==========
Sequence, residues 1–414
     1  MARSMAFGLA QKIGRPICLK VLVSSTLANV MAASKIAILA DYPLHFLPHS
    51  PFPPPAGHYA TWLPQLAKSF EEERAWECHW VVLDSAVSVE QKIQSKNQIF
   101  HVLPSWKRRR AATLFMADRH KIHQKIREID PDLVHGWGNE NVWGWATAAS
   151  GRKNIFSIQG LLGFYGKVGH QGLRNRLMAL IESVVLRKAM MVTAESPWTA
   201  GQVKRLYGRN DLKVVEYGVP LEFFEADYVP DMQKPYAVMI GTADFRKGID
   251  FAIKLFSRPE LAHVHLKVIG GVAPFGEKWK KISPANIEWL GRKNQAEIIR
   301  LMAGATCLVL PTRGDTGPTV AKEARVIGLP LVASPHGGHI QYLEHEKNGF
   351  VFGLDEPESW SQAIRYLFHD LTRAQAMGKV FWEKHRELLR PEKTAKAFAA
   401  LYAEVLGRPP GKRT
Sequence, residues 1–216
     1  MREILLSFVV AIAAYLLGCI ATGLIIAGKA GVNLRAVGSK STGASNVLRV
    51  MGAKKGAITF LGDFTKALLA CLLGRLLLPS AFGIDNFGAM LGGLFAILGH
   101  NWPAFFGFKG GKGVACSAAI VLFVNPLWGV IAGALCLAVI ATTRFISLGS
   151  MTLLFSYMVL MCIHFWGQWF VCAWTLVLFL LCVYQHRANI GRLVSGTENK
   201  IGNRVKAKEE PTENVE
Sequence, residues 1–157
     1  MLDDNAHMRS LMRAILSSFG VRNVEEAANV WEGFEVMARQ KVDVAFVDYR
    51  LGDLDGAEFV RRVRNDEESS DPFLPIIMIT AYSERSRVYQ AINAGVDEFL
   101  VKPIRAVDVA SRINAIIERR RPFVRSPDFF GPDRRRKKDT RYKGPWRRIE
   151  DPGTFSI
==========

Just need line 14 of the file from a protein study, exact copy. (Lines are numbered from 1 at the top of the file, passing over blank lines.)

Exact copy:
   101  NWPAFFGFKG GKGVACSAAI VLFVNPLWGV IAGALCLAVI ATTRFISLGS